One of the biggest challenges for stock photographers is to come up, time after time, with good ideas. Ideas can come from anywhere, but a very good place to get them from is popular vernacular. When a new word or phrase becomes popular it means there is something important going on that is being talked about. That something needs images to describe it for advertising, for promotion, and for editorial coverage. And because it is new, there probably aren't a lot of appropriate images already in place for those purposes. So when I hear a new buzzword (or phrase) I haven't heard before, I listen to it with an ear for opportunity.  Cloud computing is one of those phrases. Sometimes these things just slip by your radar. In this case, I kept getting spam talking about cloud computing. Like advertisements I managed ignore a goodly number of the unwanted emails until, in mid delete, I had one of those aha! moments. If it is worth spamming about, maybe an image is called for!

Cloud Computing, Ones and Zeros, and A Difficult Concept
Cloud Computing refers to the use of computer programs and applications that are based on a remote server and accessed via the Internet. Cloud computing is also a difficult concept to portray in a stock photograph, and a concept with very few images existing that specifically illustrate it.  This is one of those concepts, that at least to me, the illustration for which seems almost too obvious. Data is represented by ones and zeros, so a parade of ones and zeros, composed of clouds, streaming through the sky can perfectly represent cloud computing and even more related themes. Such an image can also represent networking, communications, and information flow.

Cloudscapes and Perspective

The only catch here is that the image is a difficult one to execute, at least for me. I used Photoshop to take cloud images from various photographs and then, using the liquefy filter and the warp tool, and a lot of layers and layer masks, create a series of ones and zeros. After creating a library of "information", I selected an appropriate cloudscape and then copied and pasted in the "data".  It is important when creating the ones and zeros to give them at least a semblance of the correct perspective and fine-tuning was definitely necessary when arranging the images.  I used Transform>perspective and Transform>distort to do the perspective fine-tuning. Blending the clouds in is also somewhat of a tricky task. In some cases setting the layer mode to "lighten only" does the trick; in other cases it is more a case of painstaking work "painting" the clouds in and out with a layer mask.  The entire process took me a little over two days to do.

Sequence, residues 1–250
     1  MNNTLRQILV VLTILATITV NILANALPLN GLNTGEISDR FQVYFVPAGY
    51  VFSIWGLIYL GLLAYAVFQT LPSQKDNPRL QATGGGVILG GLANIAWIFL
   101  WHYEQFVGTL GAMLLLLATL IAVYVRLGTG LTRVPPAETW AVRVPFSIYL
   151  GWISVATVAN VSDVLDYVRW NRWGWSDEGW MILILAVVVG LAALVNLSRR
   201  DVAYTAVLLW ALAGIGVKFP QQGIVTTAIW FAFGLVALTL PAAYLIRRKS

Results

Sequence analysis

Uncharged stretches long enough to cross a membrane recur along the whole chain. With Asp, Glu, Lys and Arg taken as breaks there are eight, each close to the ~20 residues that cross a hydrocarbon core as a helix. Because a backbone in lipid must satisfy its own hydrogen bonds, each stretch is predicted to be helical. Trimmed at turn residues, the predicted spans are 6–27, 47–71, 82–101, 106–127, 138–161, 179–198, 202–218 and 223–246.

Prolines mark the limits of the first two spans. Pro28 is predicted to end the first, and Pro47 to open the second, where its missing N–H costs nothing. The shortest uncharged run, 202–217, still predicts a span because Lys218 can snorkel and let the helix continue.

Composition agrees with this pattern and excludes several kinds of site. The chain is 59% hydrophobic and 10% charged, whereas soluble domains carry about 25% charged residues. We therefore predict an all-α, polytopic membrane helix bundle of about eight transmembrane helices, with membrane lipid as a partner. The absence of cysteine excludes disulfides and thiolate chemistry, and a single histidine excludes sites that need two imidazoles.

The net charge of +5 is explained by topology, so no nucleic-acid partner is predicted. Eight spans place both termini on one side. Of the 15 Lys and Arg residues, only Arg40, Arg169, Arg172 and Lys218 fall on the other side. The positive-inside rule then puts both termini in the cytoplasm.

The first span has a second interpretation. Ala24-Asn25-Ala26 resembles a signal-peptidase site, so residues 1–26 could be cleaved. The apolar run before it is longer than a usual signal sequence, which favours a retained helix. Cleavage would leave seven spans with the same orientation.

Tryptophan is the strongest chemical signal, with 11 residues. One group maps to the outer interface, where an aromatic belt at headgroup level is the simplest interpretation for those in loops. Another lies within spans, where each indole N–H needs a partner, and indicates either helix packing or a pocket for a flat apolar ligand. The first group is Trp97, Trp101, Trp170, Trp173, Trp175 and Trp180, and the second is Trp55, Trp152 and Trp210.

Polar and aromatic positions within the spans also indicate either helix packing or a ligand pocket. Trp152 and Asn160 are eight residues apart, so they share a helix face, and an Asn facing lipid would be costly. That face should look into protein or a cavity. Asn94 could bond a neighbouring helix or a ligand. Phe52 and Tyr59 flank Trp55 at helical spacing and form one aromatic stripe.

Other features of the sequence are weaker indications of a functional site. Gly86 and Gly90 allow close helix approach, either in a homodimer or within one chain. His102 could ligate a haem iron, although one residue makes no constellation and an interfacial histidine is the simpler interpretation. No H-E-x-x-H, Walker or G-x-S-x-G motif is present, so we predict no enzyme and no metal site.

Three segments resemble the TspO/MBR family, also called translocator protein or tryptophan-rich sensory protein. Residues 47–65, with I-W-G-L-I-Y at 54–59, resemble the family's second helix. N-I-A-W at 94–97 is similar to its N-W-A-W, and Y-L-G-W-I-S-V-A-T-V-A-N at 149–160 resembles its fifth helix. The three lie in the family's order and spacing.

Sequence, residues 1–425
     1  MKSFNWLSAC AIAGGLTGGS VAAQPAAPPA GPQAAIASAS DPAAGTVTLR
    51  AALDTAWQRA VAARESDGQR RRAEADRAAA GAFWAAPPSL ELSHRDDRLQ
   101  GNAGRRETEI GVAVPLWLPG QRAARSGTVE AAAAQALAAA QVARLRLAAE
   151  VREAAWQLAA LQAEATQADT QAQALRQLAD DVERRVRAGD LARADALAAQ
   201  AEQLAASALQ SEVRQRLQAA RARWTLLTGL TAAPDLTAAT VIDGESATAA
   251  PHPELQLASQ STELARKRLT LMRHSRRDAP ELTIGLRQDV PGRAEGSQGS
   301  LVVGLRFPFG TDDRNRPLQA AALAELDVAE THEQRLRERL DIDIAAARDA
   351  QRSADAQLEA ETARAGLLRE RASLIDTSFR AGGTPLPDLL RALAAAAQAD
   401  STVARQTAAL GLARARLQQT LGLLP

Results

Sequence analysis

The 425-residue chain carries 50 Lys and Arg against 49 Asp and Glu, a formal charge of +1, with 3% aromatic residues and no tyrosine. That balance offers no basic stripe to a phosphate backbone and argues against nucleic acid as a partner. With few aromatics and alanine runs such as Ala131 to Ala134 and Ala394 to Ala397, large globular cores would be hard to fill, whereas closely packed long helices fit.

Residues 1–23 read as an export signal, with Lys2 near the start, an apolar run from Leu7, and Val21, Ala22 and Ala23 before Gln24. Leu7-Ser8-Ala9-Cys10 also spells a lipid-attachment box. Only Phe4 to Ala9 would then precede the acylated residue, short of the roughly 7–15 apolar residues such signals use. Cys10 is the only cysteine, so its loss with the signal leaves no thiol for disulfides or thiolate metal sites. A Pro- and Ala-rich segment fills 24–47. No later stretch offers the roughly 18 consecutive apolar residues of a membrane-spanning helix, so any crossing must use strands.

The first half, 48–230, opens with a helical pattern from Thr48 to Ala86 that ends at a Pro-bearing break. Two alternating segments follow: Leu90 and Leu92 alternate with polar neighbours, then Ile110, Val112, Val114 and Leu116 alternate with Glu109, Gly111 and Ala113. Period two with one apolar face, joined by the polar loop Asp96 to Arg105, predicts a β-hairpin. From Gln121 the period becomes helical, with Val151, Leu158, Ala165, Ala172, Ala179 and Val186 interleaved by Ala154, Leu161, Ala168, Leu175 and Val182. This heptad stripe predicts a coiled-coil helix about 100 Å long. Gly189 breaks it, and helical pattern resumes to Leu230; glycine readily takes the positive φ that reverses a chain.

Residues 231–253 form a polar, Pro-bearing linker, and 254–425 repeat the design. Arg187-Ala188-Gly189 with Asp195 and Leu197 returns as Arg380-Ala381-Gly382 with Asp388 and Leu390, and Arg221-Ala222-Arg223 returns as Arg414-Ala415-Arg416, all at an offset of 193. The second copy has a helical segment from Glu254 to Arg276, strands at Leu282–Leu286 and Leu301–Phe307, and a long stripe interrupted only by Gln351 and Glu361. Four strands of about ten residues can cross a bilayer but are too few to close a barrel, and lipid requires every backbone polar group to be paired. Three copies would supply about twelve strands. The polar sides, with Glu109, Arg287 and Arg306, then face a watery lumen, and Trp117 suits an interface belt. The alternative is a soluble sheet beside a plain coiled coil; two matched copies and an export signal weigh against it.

Rights Managed or Royalty Free
Once the image is complete then a decision has to be made on distribution. The decision needs to be made as to whether to distribute the stock photo as a Rights Managed image or a Royalty Free image.  There are a number of factors that have to be considered to make that decision. If the image is one that will be licensed frequently then RF might be the way to go. If the image is harder to find a use for, then a higher payment per use is necessary (especially for an image that takes several days to create). That would indicate a RM classification for the stock photo. Of course, these days, with the deep discounting that is going on such as Getty's Premium Access program, it is hard to argue that RM is necessarily going to fetch a higher licensing fee. One other factor that needs to be taken into account is the photographer's share of revenue. With RF images the photographer generally gets 20% of the licensing fee, and with RM images, at least in the photographer's home territory, the photographer's share is 40%, double what one gets with RF. As of yet I still have not made a final decision with this "cloud computing" image, maybe I'll flip a coin!

Tuesday, February 9, 2010

Leaping Dancers and Stock Photo Collaborations

Alien abduction or Spiritual Ascension?

Love, Joy...and Valentine's Day!

Dancers, Photoshop and Collaboration
Recently a friend and fellow stock photographer, Tanya Constantine, asked me if I would like to collaborate on some work together. Tanya had completed a series of photos of dancers and thought that perhaps, with my Photoshop experience, I could create some good stock images by compositing the dancers into new backgrounds. She sent me some jpegs that were indeed pretty cool photos.

Egos, Gang Shoots, And Fond Memories